Knee woes continuing to hamper Cuddyer

Knee woes continuing to hamper Cuddyer

SAN FRANCISCO -- For the sixth time in eight games since injuring his left knee last week in New York, Michael Cuddyer was out of the Mets' starting lineup Wednesday against the Giants.

"He's pretty sore again," manager Terry Collins said, writing up a lineup card without Cuddyer's name in it for the second straight day.

That runs directly contrary to what Collins indicated Tuesday, answering, "No, not really" when asked directly if Cuddyer's knee was bothering him. The outfielder clarified later in the day that he still felt some discomfort, but felt well enough to play; he wound up sitting out the entire game.

Sporting a heavy ice pack on the joint Wednesday morning, Cuddyer now plans to revisit with doctors Thursday in New York, eight days after receiving cortisone and lubricant injections in his left knee. Had the Mets put Cuddyer on the disabled list to begin with, he would have been eligible to return for their first game after the All-Star break. But because he has appeared in four games since his injury, starting two of them and making 12 plate appearances, that is no longer possible.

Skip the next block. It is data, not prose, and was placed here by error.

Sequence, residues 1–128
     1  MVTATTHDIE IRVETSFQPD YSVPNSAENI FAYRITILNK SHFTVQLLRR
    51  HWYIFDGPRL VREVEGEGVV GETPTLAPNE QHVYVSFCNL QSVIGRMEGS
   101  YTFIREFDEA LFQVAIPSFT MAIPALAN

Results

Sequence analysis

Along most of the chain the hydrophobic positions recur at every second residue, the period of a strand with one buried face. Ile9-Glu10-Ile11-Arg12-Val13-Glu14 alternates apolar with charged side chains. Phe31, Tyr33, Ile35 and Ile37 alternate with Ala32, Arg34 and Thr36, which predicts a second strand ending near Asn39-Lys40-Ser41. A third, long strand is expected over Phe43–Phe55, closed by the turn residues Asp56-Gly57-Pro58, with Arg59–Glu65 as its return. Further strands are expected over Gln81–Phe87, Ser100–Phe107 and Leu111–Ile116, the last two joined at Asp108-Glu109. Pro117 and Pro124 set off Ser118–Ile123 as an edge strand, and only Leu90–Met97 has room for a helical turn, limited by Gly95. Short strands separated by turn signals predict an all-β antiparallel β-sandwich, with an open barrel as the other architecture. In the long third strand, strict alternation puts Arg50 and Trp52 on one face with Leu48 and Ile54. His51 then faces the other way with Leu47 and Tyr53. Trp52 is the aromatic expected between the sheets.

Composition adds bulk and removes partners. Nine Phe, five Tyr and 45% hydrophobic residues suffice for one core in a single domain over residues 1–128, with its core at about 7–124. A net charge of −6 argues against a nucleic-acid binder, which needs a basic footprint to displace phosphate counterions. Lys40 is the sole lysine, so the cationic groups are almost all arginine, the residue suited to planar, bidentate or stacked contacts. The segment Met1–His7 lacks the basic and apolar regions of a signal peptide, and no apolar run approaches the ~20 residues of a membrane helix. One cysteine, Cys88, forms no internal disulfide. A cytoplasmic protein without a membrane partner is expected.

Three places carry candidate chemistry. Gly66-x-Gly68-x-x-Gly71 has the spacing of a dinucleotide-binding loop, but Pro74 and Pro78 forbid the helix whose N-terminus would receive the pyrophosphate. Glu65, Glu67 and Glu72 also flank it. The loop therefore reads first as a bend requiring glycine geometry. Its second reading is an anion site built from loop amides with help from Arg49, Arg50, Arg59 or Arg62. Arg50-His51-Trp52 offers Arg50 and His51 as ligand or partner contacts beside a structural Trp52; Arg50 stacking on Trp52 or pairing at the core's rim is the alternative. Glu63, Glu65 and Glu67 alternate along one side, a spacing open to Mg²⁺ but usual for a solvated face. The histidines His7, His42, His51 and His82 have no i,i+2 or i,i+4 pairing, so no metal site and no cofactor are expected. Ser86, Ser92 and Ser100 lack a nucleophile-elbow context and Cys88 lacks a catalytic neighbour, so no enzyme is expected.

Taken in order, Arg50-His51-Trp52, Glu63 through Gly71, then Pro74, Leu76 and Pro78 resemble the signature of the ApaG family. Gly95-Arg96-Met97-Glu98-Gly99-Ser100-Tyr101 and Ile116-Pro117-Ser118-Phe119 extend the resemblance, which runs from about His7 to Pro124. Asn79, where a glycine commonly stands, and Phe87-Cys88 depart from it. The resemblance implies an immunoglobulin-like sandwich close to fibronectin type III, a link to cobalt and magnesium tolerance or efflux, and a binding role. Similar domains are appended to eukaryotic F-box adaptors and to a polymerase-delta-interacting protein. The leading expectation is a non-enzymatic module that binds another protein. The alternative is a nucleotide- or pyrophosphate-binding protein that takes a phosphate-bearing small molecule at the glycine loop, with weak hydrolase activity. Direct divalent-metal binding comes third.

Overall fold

The Mets, however, insist that there was no reason to put Cuddyer on the DL at the time. His knee simply flared up in his last game on Monday, growing progressively worse as the night went on. Cuddyer went 2-for-4 in that game, his first multihit performance since June 19, even racing from first to third on a Kirk Nieuwenhuis hit and scoring in the ninth.

"I asked him later about his knee and he said, 'It was good enough to score,'" Collins said. "That's just him. He's going to run hard no matter what."

In the first season of his two-year, $21 million contract with the Mets, Cuddyer is batting .240 with six home runs and a .648 OPS. Eric Campbell started in his place Wednesday at AT&T Park.

Anthony DiComo is a reporter for MLB.com. Follow him on Twitter @AnthonyDiComo and Facebook, and listen to his podcast. This story was not subject to the approval of Major League Baseball or its clubs.